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Welcome to the
Cozy Cottage Chronicles!
Turn the clock to zero honey / I'll sell the stock we'll spend all the money
We're starting up a brand new day
Turn the clock to zero Mack / I'm begging her to take me back
I'm thinking in a brand new way
Turn the clock to zero boss / The river's wide we'll swim across
We're starting up a brand new day
—Sting, "Brand New Day"

"Only the hardcore campers are here tonight," said the blonde woman at the campground registration office. 

Our new routine is this: On Friday at 5 p.m., I clock out of work, then, the next 45 minutes I rush around grabbing cozy socks, a flannel shirt, my toothbrush and contacts, and food for the next 24 hours. My husband makes sure the propane tank is filled, hitches our teardrop trailer to our vehicle, and by 5:45, we're on the road. We head due west, so most weeks we are treated to the sunset in the giant sky as we drive away from the city, away from the suburbs, away, away, away.

The state park employee is starting to recognize us as regulars—we're there nearly every weekend. Each week, her greeting gets a little warmer, a little more familiar. On this night it's chilly, enough for a jacket, maybe even a hat. When she categorizes us as "hardcore" campers, I can sense my husband feels a little proud. I know I do. 

By the time we arrive, it is always dark. He unhitches our trailer while I hold the flashlight. We start a fire almost immediately, to keep our hands warm. This week, I brought a jar of homemade butternut squash soup, deliciously fragrant and easy to heat in a saucepan on our little stove. By the time we are sitting by the fire, me wrapped in a blanket because I'm always cold, both of us with our hands wrapped around steaming mugs of tea, we both feel that lifting in our chest that we were waiting for. This is where all the stress and worry of the week is shed. When you're breathing in the cold evening air intermingled with wood smoke, it's impossible to even remember what seemed so troublesome just a few hours before.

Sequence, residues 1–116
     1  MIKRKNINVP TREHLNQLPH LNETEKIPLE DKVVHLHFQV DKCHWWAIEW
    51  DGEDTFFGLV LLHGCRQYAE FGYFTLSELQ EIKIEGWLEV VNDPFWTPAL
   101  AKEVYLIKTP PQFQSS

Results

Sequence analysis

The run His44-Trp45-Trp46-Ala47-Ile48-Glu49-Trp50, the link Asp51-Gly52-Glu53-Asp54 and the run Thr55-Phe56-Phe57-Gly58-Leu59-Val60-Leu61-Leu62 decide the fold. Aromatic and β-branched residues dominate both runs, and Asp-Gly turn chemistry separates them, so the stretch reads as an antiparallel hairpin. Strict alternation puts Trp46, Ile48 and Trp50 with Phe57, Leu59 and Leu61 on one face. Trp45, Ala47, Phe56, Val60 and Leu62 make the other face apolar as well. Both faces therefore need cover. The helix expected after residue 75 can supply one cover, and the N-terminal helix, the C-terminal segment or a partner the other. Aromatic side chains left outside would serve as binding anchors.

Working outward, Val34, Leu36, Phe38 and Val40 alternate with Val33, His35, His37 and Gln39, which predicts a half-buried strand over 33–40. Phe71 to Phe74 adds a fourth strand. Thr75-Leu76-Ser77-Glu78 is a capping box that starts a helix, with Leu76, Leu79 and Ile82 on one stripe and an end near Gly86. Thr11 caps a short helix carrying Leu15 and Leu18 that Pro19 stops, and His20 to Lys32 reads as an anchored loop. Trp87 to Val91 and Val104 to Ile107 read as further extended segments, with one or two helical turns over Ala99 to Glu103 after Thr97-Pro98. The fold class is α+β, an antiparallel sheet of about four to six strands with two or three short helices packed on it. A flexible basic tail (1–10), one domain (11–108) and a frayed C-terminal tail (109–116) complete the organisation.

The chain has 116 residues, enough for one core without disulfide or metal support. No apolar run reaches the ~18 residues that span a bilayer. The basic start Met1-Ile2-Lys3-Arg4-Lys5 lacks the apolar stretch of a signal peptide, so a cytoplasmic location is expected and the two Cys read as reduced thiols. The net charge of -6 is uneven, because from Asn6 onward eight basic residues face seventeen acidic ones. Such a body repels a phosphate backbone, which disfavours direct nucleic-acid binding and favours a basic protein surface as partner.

"Camping is never not a good idea," my husband likes to say. I have to agree.

And because we arrive in the darkness, the next morning holds all the expectation and wonder of Christmas morning. I'm typically not a morning person, but these mornings at the campground, I can't wait to peer out the window, lifting the shade to reveal a glittery prize—a brand new day—bathed in sunlight. This week, the morning unveiled a light coating of frost on the picnic table and the tree branches. The golden sun makes the lake shimmer. Everything is so still and lucid. I'm reminded again that this is always here. Whether I open my eyes to see it or not, each day starts like this, with new light and new possibilities.

Before we finish breakfast, we've gone online to reserve next weekend's camping site. Camping is never not a good idea.


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Thank you for subscribing to my newsletter, "The Cozy Cottage Chronicles." I hope that over time I can send you love letters that reflect the incredible journey our family has experienced by downsizing to a much smaller house, the Cozy Cottage. Every day, I'm still looking to simplify our lives, reduce stress, eliminate debt, and leave space in our lives to enjoy the little things. I'd love to hear from you! Just hit "reply" and send me a note!

Thanks, as always, for reading.


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